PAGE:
The Counter-Reformation

Scarborough Castle
Scarborough Castle
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Written by Dr Jack Binns

Edward’s premature death and the succession to the throne of his Catholic half-sister, Mary, in 1553, promised (or threatened) to return England to the bosom of the Roman church. Within months Parliament had repealed all the religious laws passed in Edward’s short reign.

At Scarborough, St Mary’s churchwardens’ accounts do not become a complete and continuous record until as late as 1622, but a copy of one isolated sheet, dated September 1555, has survived to tell us how the town’s parish church officers responded to Queen Mary’s Counter-Reformation. On that day, the borough’s two bailiffs, Thomas Lowson and Giles Heppell, and the Common Hall burgesses received and approved the annual 
expenses of St Mary’s churchwardens.

The total bill for the previous financial year since September 1554 came to nearly eight pounds, then a considerable sum. The most costly items were 28 shillings paid to “the Glacyers for mending of the church for the Ladye Isle upper” and 20 shillings to “the Glacyers for the toppe of the grete windows”. That so much work needed to be done on St Mary’s windows suggests more than normal maintenance or even exceptional storm damage: during past years it seems that deliberate destruction had taken place. Stained-glass church windows were particular targets for zealous Protestants.

Other parts of the parish church had also been in need of “mendynge”. John Walker and his son were paid six shillings for repairing “Saynte Clements Isle”.

Here “Isle” was not an earlier spelling of “aisle”: our ancestors used this word to describe a side chapel or a transept. What we now call the nave and the side aisles north and south of it, they spoke of as the “great allee” and “little allees”. So “Isles” belonging to Our Lady and St Clements were in fact side chapels with their own altars and images.

Money had been spent restoring, repairing and re-instating new and old bells. John Gibson got sixpence for “amendinge of the bells of all Hallowes day”; John Walker received twopence “for mendynge the Ladye bell whole”; and William Garwood fivepence for the bell clapper. Ringing for the dead on All Saints’ night was a practice specially forbidden by the 
Edwardian reformers.

Then there were the clerical vestments. Either the old, traditional garments worn by priests had been destroyed or sold, but now they had been re-made and restored.

There was a fee of twelve pence “for blewe Bukem [buckram?] to the best vestment”; John Haye was given the princely sum of 38 shillings and fourpence for “a sute of vestments”; and Mr Vicar’s two copes cost 23 shillings and fourpence. Out had gone the plain, simple white surplice; back had come the vestments of many colours for different occasions.

Finally, there were all those Catholic vessels and symbols. A new paten to the chalice cost 6s. 8d.; several more huge candlesticks at 4s.2d. each; altar cloths and censers had to be cleaned and scoured; and the most significant of all, it cost 20 shillings to make a new 
judas.

The judas was a tall piece of wood, painted like a candle, which rose from the central branch of the seven-branch Easter candlestick. At Easter, the judas, which stood next to the high altar, was blessed and lit on Holy Saturday and not extinguished until Ascension Day.

So whatever the beliefs and reactions of Scarborough’s parishioners, the church and town hall authorities had lost no time responding favourably to Queen Mary’s reversal of her brother’s reforms.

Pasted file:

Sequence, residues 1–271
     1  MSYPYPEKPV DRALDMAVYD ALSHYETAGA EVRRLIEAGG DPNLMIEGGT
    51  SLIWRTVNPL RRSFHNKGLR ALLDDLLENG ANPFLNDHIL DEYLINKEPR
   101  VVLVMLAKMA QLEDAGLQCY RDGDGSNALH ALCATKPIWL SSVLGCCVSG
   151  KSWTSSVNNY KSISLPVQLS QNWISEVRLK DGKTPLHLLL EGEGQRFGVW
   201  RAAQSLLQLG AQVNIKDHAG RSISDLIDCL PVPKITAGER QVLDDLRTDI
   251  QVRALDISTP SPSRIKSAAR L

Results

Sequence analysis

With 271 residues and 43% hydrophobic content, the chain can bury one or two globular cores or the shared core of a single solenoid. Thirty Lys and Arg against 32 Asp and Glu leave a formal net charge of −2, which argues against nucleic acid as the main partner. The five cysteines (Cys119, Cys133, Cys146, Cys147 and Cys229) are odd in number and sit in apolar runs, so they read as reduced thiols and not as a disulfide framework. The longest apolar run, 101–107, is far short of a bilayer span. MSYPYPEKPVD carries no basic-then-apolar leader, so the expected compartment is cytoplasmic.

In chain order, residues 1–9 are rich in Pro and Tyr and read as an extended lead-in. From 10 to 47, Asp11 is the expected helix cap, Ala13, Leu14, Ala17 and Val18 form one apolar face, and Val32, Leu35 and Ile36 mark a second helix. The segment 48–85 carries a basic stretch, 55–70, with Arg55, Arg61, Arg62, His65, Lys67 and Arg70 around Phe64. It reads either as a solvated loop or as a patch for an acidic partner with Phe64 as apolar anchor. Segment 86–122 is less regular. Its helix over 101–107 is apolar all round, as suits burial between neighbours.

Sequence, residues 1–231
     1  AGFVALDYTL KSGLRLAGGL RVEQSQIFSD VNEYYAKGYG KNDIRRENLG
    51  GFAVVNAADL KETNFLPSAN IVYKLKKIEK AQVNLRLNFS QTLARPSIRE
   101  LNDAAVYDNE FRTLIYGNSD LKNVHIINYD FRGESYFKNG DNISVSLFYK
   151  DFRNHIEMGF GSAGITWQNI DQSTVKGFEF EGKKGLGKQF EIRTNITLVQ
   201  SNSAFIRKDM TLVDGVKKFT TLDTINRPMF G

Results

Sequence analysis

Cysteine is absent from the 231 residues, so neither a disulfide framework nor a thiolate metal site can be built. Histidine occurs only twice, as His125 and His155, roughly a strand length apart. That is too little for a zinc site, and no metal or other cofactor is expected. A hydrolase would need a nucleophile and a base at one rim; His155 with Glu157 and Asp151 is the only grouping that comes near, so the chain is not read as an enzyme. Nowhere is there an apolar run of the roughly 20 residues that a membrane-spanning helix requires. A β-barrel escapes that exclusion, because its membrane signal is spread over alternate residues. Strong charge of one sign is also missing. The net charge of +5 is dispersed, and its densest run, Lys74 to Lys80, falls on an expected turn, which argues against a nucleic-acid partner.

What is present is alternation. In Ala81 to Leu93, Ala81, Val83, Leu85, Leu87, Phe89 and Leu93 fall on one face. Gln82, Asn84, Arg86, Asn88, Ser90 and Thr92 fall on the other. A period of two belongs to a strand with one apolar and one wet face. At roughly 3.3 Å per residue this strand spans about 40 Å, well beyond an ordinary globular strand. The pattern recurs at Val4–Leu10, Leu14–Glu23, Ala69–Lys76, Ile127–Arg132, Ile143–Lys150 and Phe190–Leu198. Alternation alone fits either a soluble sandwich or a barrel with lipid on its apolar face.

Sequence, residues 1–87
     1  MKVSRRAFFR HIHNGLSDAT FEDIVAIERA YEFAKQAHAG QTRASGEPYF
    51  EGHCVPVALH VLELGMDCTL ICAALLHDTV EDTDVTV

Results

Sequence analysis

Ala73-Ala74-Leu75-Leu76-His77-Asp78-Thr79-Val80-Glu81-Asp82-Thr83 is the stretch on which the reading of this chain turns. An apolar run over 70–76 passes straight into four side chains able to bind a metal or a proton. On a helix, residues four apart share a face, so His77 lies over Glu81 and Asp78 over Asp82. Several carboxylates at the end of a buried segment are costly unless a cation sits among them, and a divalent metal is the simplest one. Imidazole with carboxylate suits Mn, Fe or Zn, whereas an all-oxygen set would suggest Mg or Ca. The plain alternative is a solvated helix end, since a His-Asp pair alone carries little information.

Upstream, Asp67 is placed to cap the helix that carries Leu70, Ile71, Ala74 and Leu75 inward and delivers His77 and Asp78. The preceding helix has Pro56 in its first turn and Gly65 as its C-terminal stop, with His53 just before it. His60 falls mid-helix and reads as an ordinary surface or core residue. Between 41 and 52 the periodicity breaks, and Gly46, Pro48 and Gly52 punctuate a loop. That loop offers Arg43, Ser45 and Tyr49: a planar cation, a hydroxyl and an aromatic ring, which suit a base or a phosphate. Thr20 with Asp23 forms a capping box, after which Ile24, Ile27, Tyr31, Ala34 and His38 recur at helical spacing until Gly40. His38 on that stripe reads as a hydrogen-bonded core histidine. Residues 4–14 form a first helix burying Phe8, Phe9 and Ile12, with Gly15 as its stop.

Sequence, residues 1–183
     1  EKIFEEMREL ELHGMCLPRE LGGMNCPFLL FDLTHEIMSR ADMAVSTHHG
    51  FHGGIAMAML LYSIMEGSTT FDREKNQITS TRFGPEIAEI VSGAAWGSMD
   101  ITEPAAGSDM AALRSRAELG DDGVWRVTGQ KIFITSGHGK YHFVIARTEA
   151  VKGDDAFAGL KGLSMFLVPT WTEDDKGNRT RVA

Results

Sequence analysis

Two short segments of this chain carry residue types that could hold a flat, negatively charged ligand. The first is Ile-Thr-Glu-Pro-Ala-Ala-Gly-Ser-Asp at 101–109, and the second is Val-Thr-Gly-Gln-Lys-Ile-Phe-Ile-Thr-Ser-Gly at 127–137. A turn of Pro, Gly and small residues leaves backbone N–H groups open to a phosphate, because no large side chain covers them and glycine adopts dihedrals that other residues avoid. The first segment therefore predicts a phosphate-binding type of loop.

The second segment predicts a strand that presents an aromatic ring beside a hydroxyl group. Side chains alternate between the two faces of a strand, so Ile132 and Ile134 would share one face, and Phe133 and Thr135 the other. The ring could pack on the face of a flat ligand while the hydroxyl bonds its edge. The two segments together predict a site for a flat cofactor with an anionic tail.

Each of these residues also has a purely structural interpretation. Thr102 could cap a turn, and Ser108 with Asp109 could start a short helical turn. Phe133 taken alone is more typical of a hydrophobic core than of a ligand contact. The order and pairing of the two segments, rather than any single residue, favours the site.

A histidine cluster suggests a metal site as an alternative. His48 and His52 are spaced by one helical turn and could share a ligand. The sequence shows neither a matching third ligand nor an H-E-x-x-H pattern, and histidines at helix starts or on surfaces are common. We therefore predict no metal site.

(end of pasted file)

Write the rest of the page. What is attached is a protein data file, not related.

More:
But there was an act of God they could not reverse: during the past year St Mary’s two western towers had been badly damaged in a fierce gale and had lost much of their lead cladding. It was an opportunity not to be missed. With Common Hall approval, the churchwardens decided to sell all the lead which amounted to 46 hundredweights. 
According to their accounts, 21 persons bought the lead, eight shillings for one hundredweight and 20 shillings for three.

So this was the source of the money that paid for St Mary’s restoration. The two towers were dismantled and never re-built. Surplus cash was spent on repairing the harbour pier.

Yet these were little more than superficial and symbolic gestures. There was no Protestant resistance and no need here for Catholic persecution. During Mary’s reign of five years, only one Yorkshireman suffered the ultimate penalty for his faith when Richard Snell was burned in Richmond’s market place in September 1558.

Ironically, rebellion against Mary came not from Protestants but Catholics whose objection was to her marriage to King Philip II of Spain. In April 1557, Sir Thomas Stafford, nephew of Cardinal Pole and distant claimant to the throne, 
arrived at Scarborough by sea from Calais. Taking advantage of the cover of Thursday market then held in “Castle Road” and the lack of a guard, with no more than 30 disguised followers, Stafford occupied the castle. From there he declared himself protector and governor of the kingdom in Mary’s place.

The government 
reacted with speed: Henry Neville, fifth earl of Westmorland, forced Stafford’s surrender within three days.

No mercy was shown to these rebels. Six of the leaders, including Sir Thomas, were taken to London, tried at Westminster and executed. As befitted his rank, Stafford was beheaded on Tower Hill. Of the others, only two, John Proctor, yeoman of Hackness, and John Sherlles, gent., formerly of Scarborough, are known to have been local. Four men were executed and their carcasses boiled, carved and displayed at York and four more suffered the same fate at Scarborough.

Stafford’s “seizure” of the castle by stealth added a new example of “Scarborough Warning” and Sir Richard Cholmley was rebuked by Queen Mary for not keeping a permanent garrison in her royal castle.